Rainbow's SSL VPN is a good start
iGate has the basics but lacks some enterprise-level functions of its competition
Like most other SSL appliances, the iGate uses application proxies to secure both inbound and outbound HTTP traffic and to intermediate the data stream, rewriting the HTML on the fly to help obscure internal host names. You can use SSL to secure traffic not only between client and iGate, but also between iGate and server resources. HTTP compression is also available to help increase performance.
Missing from this release of the iGate is an IPSec-style tunnel. You do not have the ability to open a tunnel directly into your network. For power users or those who need UDP (User Datagram Protocol) support, this level of access is critical. Also missing is a browser cache cleanup utility and a client application verification control. The cache cleaner purges temporary files left in your browser’s cache when you log off, and the application checker looks to see what processes are running on your client to determine if your PC is a security risk or not. The cache cleaner should be available by the time this publishes, and the other features should be available in a software update due out in July.
Resources are defined in the iGate using the concept of sites and connectors. A site is made up of a group of Web apps and their associated SSL tunnel connections, called a VPX. You do have a lot of control over each site definition, such as the type of authentication required, the SSL cipher to use, whether or not to enable compression (on the HTML stream) and the level of logging to use. Site definition is the strongest part of the iGate system.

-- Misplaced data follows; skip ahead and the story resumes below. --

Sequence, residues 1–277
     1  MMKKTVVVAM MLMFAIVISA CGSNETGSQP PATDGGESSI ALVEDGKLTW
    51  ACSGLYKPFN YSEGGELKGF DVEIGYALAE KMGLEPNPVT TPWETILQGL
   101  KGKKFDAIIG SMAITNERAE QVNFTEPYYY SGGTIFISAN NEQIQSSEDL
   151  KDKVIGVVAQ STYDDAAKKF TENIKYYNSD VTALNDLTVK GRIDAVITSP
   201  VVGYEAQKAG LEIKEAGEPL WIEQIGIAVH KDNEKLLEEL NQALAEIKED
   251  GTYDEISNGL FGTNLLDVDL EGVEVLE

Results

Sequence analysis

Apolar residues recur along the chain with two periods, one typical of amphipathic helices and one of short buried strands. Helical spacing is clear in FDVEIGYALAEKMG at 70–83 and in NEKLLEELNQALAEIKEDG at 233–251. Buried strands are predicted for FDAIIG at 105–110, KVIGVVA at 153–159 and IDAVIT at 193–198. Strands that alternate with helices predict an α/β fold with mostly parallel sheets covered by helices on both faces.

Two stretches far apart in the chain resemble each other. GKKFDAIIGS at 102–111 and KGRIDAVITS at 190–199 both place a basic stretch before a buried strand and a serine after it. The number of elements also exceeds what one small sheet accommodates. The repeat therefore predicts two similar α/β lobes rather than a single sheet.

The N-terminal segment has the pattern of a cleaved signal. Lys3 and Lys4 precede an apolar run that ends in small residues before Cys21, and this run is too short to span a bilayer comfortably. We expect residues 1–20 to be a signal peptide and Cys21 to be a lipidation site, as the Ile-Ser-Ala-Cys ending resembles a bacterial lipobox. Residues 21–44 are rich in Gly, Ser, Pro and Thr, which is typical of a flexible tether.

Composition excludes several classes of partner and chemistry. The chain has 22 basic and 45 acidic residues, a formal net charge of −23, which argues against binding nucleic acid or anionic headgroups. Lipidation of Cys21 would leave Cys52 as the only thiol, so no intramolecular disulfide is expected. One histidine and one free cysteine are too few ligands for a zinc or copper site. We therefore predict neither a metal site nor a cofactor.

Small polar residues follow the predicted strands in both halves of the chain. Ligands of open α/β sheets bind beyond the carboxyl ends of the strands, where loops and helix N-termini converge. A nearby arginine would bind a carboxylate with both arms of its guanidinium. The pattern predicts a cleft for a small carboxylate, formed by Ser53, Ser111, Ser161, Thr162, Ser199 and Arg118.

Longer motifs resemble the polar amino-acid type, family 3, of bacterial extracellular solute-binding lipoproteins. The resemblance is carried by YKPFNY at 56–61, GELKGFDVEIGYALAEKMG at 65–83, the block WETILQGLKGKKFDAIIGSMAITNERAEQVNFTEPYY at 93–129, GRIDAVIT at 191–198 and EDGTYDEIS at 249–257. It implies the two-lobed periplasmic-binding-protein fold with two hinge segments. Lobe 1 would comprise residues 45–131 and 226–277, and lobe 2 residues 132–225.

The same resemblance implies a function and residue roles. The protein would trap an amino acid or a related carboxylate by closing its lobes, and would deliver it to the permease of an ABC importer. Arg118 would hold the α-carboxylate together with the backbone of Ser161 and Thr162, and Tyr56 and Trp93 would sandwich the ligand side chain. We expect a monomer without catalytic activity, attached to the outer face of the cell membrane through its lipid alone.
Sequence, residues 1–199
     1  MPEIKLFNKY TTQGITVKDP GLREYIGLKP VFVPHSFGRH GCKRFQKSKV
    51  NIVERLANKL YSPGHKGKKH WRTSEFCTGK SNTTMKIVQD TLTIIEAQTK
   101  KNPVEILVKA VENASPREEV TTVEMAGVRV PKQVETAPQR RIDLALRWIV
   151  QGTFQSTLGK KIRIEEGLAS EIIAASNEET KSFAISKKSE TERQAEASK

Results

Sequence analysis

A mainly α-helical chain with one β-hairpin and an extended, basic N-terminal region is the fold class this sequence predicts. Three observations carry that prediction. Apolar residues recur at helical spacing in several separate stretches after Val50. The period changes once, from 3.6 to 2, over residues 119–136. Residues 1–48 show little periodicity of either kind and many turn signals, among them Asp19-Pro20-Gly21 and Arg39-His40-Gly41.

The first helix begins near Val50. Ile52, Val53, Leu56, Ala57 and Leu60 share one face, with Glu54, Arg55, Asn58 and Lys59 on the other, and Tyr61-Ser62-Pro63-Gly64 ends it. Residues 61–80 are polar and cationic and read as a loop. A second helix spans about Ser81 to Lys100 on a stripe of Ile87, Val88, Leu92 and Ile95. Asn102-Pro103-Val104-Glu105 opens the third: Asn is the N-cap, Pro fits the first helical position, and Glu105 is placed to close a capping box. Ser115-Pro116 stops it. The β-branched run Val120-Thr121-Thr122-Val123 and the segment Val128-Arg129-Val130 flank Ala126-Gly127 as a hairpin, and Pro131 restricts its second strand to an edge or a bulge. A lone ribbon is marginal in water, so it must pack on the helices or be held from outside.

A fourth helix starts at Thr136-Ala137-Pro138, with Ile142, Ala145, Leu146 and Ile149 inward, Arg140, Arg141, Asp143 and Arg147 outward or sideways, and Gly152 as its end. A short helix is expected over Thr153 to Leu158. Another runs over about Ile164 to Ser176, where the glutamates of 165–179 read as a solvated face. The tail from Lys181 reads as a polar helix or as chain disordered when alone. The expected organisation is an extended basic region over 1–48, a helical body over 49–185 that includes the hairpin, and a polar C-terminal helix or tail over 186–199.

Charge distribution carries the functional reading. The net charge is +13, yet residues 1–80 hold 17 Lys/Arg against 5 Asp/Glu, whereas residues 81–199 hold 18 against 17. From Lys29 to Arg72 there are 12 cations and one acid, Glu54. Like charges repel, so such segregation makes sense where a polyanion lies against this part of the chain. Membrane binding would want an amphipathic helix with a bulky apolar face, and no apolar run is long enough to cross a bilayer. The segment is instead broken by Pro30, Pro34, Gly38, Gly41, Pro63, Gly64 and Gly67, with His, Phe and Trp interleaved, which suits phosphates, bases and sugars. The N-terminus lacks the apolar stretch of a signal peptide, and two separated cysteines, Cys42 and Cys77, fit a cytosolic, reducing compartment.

For user authentication, the iGate can use RADIUS, Active Directory, LDAP, an internal database, Rainbow USB tokens, and SecureID, with support for client certificates coming in mid-April. There is also support for connecting to any ODBC-compliant database for custom user lists.
The Rainbow NetSwift iGate is a well-rounded performer that will improve as new features are added, which should happen this month. I would love to see the user and device management incorporated into a single user interface to reduce jumping between platforms.
When the IPSec-style tunnel, cache cleaning and host checking technologies are all available, the iGate will gain on the SSL VPN front-runners.